Sunday, 24 May 2009

It's in the Baga

I thought I'd write a little bit about my weekend -- it was awesome.

Friday night, I took the plunge into Dar's large expat scene. I went out with a group of people celebrating the birthday of another American girl. We drove out in SUVs to this semi-underground place called Sissy's Mexican. Supposedly it's the only Mexican food available in Dar, and it's not easy to find. The food is served by torchlight in the back garden of a gorgeous mansion in Kawe owned by a South African lady. She and Sissy, who's American, serve inauthentic but delicious Mexican food for ex-pats on a referral basis. It's not quite invititation-only, but people only really find out about it from other expats. In hindsight, it's not too surprising that place is flourishing -- as followers of Stuff White People Like will be aware, white people love 'secret' and 'underground' eateries.

After dinner we went to Irish Bar, which is not an Irish bar, it turns out. It was, however, a fun place with live music and an outdoor patio looking out across the Indian Ocean. I listened to some music, had a few drinks and met a bunch of cool people. The expats who end up in Dar seem like a pretty cool group. A lot of them work in NGOs, for the UN or World Bank, or do some sort of development-related business. A few work as consultants, investors, and teachers. Everyone seemed very laid back, maybe because they chose to live in Dar, which is a pretty chill place. There was something a little bit surreal about how small the expat community is here -- people all seem to know each, go to the same dozen restaurants and half-dozen bars, and hang out together. It's welcoming and fun for me, since I'm just here for the summer, but I wonder if it would become irritating after a long time.

After Irish Bar, I was really looking forward to getting out of the city and seeing a bit more of Tanzania. Saturday morning, Chris and I left for Bagamoyo, a small town fifty miles north of Dar, and once the former capital of German Imperial East Africa. Fifty miles sounds pretty close, but it took us a while to get there. The northern bus stand, Mwenge, is pretty far from where we live, so we took a ride on a Bajaji -- an Indian-made, three wheel auto-rickshaw. I'm pretty sure these are also common in South Asia. They're good here because they tend to be cheaper than car-taxis and can go offroad to skirt traffic and potholes. This is one:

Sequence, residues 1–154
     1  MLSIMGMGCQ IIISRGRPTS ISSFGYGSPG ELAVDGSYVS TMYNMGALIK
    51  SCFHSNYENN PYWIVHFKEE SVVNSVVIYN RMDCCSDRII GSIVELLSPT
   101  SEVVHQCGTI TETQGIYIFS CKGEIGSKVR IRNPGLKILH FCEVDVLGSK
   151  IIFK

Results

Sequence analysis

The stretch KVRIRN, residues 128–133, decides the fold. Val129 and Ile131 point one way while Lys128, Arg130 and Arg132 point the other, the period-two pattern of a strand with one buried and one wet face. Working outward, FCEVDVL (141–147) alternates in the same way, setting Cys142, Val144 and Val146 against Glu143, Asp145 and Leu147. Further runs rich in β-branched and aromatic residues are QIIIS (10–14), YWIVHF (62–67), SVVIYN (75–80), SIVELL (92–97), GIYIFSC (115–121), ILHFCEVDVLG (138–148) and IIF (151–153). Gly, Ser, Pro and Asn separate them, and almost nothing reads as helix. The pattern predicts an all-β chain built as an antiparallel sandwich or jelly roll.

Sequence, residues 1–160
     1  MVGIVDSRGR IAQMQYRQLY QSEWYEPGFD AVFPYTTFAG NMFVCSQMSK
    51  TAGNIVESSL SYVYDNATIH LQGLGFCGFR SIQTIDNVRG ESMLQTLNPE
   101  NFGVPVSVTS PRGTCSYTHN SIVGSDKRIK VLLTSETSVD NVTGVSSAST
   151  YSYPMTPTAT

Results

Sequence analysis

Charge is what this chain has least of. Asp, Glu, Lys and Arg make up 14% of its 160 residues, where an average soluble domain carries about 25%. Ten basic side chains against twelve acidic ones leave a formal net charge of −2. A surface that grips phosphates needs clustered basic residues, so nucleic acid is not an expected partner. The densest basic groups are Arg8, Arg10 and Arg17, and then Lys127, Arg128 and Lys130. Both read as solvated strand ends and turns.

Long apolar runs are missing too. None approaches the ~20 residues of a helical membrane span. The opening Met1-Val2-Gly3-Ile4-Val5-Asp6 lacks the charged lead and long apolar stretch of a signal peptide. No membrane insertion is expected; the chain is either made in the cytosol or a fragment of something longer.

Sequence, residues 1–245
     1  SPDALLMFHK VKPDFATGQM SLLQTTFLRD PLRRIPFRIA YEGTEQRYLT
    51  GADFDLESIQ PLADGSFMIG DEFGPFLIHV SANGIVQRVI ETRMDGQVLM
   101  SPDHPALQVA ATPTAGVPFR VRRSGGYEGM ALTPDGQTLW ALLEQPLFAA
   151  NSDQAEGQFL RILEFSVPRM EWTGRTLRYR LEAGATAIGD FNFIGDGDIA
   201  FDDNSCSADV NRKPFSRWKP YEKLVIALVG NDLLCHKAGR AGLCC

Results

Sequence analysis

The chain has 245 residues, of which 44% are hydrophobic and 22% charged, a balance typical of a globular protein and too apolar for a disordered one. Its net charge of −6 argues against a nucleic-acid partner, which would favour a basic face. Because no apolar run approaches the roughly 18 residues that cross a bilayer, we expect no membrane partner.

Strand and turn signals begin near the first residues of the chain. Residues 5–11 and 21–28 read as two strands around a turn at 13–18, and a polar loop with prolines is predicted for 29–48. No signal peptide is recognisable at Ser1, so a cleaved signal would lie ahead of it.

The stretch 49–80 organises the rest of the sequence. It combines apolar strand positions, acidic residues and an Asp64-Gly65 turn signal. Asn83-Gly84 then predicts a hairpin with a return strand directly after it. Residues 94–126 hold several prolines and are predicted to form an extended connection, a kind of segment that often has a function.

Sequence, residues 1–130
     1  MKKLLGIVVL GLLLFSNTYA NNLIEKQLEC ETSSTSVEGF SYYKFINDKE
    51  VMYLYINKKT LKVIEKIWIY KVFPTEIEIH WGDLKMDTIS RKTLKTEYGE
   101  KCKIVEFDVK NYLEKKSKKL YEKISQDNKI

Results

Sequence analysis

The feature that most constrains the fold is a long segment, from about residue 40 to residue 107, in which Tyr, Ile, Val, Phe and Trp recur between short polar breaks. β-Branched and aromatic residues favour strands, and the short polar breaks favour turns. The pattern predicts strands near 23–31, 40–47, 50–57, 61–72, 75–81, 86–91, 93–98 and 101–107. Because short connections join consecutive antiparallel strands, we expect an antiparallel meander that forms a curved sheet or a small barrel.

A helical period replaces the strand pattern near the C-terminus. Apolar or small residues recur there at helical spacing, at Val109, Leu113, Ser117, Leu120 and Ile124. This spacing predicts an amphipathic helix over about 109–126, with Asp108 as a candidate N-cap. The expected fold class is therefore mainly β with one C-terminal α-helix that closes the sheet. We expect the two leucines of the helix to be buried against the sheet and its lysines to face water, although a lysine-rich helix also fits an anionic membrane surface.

We got stuck in traffic for over an hour, and I got to see the micro-businesses and itinerany salesmen around the city. Very entrepreneurial stuff, but I'll write more on that stuff later. From Mwenge, we took a medium-distance daladala (shared mini-van) up the coast.

Bagamoyo is a bit less cosmoplitan than during its glory days; locals used both mji (village) and jij (city) to describe it. It still has lively dhow-based fishing business, a lot of manual fish processing, Tanzania's leading crocodile farm, a famous sculpture school, and some good beachfront hotels. The off-duty dhows floating in the harbor also make it a very picturesque place to hang out:

The dhows are traditional Tanzanian shore-fishing boats that can carry up to twenty people. The mini-dhows are surprisingly small and rickety, built for a single fisherman. The katamaran-style design makes them faster and more resistant to capsizing (although some of them do anyways). Here's one:

We stayed at a small beach hotel at the north of town. I went swimming and relaxed for the entire day, which was amazing. Some shots of the area around the hotel:

Sunday morning, we walked to an old Catholic compound with a museum, church and nunnery. The museum was unexpectedly good. I was excited to see there was a big display on the life of Dr. David Livingstone (of "Dr. Livingstone, I presume?" fame). Livingstone is one of the historical figures I idolize most; he was a sort of bad-ass explorer/humanitarian. He explored vast stretches of East-Central Africa and also helped bring about the end of the Indian-Ocean slave trade. He also had great sideburns. After his death in Zambia, his servants carried his preserved body to Bagamoyo, where it stayed overnight before leaving Africa forever. Historians think he died from malaria-related illnesses, a tragic demise that could have been easily prevented by regular gin & tonic consumption. Let that be a lesson.

The museum also had some great finds from the German colonial regime. Among them: an East African German-language newspaper, published in the interior. Does anyone else find this weird and cool?

Also on display: German-era currency/Monopoly money. Sorry about the Gläre.

After that, we checked out the 'famous' Kaole ruins south of town. They sounded good on paper: 13th-century Arab ruins with lots of inscriptions, tombs, other stuff. Maybe I hit my Islamic-ruins quota last summer, but I found these ones kinda boring. For the ruin-lovers among you, though, here's a snap:

I liked the massive, thousand-year-old tree near the mosque. Check out that trunk!

So that was Bagamoyo -- a great first trip within Tanzania. On the minibus home, we met a guy from Zambia who works as an engineer for the TAZARA line, the slow, Chinese-funded railway linking Tanzania and Zambia. He was telling us a bit about his country, and it sounds like a fascinating place to visit and a possible travel option for later this summer.

No comments:

Post a Comment